agree with you on your personal definition of "vice", for in many cases
vicious behaviour not only comprises non-moral, i.e. morally irrelevant
self-damage but also plain immorality.
Keep in mind that, as Merriam-Webster's says, "VICIOUS may directly oppose virtuous in implying moral depravity, or may connote malignancy, cruelty, or destructive violence". Thus the connotations of 'vicious' are not necessarily a good way to decide what constitutes vice.
For instance, someone excessively
smoking in public is doing harm to his health, but to other peopleīs health
as well, when thereīs a fundamental moral duty saying that you mustnīt do
intentional harm to others.
The evil here of inflicting smoke on others is logically independent of the harm to oneself. Inflicting such harm on others without harming oneself would still be evil, but harming only oneself (e.g. by using chewing tobacco) would not.
And someone always being viciously late at work
is doing no harm to himself, but nonetheless his behaviour is plainly
Here, what is evil is not the worker's sloth, but his fraud in not fulfulling his work contract.
Besides, I doubt that your Robinson couldnīt engage in immorality.
First of all, there are not only social but also individual dimensions of
morality like self-responsibility. So we could well argue out whether a man
obsessively banging his against the wall for whatever stupid reason is not
only behaving viciously but also immorally insofar as it would be his
individual moral duty not to deliberately inflict damage upon himself.
'Moral' is your word, not mine. In my book I've instead talked about 'ethics', 'evil', 'virtue', and 'vice'. As I use the term, one cannot be unethical to oneself. I deliberately distinguish between ethics as behavior toward other beings, and virtue/vice as behavior toward oneself. I would probably define 'morality' as the union of virtue and ethics (including one's political behavior). I would say that we can legislate ethics, but not morality (i.e. not the component of morality that lies outside ethics, namely virtue/vice.)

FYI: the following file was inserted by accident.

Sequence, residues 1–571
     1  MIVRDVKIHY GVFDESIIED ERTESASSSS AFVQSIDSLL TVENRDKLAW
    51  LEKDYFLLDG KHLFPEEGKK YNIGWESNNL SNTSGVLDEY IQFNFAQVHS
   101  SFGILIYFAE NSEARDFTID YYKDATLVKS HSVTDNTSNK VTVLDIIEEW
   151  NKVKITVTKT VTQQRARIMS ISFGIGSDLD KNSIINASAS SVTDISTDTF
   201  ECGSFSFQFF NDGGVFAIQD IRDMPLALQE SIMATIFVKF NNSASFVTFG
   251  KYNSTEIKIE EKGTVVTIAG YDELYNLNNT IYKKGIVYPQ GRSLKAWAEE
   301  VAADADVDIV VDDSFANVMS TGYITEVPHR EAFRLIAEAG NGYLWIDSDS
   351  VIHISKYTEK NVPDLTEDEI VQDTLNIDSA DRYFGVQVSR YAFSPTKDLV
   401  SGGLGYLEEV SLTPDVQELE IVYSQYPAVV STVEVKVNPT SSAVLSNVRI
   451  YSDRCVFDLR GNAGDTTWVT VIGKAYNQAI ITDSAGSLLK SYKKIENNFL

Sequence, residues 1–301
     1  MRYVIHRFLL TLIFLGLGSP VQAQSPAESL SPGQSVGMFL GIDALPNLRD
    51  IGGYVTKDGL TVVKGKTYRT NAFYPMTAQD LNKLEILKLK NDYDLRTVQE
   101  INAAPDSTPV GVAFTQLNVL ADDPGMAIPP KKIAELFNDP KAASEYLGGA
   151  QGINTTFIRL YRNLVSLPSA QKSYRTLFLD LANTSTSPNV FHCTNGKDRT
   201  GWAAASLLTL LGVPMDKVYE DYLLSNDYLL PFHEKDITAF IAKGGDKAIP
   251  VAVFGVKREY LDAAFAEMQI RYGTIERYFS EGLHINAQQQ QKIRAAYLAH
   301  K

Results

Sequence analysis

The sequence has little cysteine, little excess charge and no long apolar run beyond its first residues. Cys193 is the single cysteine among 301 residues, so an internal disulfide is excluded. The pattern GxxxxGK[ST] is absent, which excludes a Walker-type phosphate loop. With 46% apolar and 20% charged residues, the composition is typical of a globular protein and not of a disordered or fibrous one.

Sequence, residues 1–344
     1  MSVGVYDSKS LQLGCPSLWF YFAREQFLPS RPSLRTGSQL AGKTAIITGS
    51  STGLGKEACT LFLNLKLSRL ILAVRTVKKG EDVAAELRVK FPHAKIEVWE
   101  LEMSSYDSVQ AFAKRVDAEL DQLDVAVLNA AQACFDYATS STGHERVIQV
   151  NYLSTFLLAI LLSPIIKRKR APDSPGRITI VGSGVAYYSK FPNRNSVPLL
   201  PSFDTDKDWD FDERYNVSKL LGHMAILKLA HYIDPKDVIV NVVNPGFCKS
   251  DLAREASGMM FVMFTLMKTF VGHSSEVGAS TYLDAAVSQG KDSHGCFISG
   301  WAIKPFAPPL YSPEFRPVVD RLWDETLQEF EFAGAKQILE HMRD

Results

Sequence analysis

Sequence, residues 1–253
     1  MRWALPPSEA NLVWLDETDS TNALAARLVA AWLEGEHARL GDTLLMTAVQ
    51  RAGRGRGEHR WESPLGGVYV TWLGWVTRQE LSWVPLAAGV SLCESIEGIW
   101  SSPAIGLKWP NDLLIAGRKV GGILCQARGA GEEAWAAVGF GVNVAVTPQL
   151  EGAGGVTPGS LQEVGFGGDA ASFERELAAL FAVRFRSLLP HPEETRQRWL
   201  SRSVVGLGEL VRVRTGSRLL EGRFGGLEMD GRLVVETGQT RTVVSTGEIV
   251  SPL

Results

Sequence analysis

In addition one could also blame that man for behaving socially immoral, for in
case he might suffer a brain injury the social community would have to bear
the costs of his nursing.
In economics this sort of taking advantage is called "moral hazard", and it is indeed evil. Note that you cannot impose a moral hazard on yourself.
Secondly, even if Robinson were the only human
being on his island, he could nevertheless behave immorally. He had been
morally socialized within an ethical community before stranding on that
deserted island and so I presume that he already possesses an autonomous
conscience, in order for which to be "operational" no extraneous sanctions
by fellow men are needed.
He could have evil intentions, yes, but his actions could not be evil if the only harm he can inflict is on himself.
Furthermore, if Robinson in his solitary boredom
suddenly derived pleasure from the thought of slinging living lizards
against a coconut tree as a pastime, it could well be due to moral
soliloquy that he eventually refrains from realizing his odd idea in spite
of feeling like doing so.
Yes, feelings of malice constitutes one of my five kinds of vice, and of course does not require action. Only when such malice leads to an intention to act does it become unethical.